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California governor signs bill that could push Amazon to change labor practices.

Gov. Gavin Newsom of California on Wednesday signed a bill that restricts warehouse employers from setting productivity quotas that prevent workers from taking breaks or following health and safety laws. The new law could alter Amazon’s labor practices.

The bill, known as A.B. 701, also requires employers to disclose productivity quotas to workers and regulators and allows workers to sue employers to eliminate problematic targets. Starting on Jan. 1, employers will have 30 days to give workers their productivity quotas.

“The hardworking warehouse employees who have helped sustain us during these unprecedented times should not have to risk injury or face punishment as a result of exploitative quotas that violate basic health and safety,” Mr. Newsom, a Democrat, said.

Amazon largely avoided commenting on the measure while state lawmakers debated it, other than to point out that the company bases its productivity targets for individual employees on their performance over time. The company also said fewer than 1 percent of workers were fired for underperformance.

But business groups strongly opposed the bill, arguing that it would lead to an explosion of litigation and hamper the distribution of goods.

“We are disappointed Governor Newsom signed A.B. 701, which will exacerbate our current supply chain issues, increase the cost of living for all Californians and eliminate good-paying jobs,” Rachel Michelin, the president of the California Retailers Association, said in a statement.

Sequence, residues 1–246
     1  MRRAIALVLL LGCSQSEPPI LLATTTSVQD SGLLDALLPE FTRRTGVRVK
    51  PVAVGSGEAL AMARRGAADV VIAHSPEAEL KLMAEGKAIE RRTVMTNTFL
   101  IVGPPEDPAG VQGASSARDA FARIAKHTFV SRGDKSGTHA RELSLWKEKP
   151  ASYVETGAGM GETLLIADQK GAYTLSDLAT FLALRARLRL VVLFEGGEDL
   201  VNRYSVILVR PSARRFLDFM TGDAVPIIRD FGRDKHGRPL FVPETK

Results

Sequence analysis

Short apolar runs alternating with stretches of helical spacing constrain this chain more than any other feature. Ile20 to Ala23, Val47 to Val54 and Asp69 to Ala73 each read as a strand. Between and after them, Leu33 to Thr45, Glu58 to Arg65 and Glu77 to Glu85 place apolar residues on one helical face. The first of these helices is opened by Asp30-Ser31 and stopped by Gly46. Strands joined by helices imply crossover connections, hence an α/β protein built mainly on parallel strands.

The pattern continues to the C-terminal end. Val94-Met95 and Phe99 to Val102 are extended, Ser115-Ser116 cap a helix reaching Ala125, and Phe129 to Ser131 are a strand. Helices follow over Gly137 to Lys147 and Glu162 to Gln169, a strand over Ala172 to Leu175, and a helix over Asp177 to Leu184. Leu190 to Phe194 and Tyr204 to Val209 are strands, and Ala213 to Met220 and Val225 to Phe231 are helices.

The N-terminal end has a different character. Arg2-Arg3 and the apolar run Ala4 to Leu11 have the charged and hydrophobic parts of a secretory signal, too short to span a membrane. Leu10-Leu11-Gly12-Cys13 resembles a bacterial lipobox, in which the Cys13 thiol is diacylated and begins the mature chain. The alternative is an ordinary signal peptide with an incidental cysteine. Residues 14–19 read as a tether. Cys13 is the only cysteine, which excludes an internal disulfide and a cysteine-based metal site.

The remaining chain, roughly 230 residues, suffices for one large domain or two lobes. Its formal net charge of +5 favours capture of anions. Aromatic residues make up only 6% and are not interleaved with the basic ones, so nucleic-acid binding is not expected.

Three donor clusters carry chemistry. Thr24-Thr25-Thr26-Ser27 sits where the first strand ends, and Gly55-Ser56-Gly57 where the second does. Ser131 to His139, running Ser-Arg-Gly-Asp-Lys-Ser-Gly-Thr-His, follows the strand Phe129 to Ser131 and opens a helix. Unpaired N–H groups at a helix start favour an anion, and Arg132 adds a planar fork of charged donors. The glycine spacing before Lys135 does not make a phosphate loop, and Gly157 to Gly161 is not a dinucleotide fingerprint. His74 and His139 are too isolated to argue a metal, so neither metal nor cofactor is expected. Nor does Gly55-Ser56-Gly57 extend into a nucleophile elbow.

Ms. Michelin previously expressed concern that the bill would effectively punish an entire industry for the purported excesses of one company.

Two separate studies, including one by a group backed by labor unions, have shown that the rate at which Amazon workers suffer serious injuries was nearly double that of the rest of the warehousing industry last year.

Industry analysts have said reining in productivity quotas at Amazon is more likely to affect its costs than its famously rapid delivery times, pointing out that the company could simply hire more workers to make up for somewhat lower productivity per employee.

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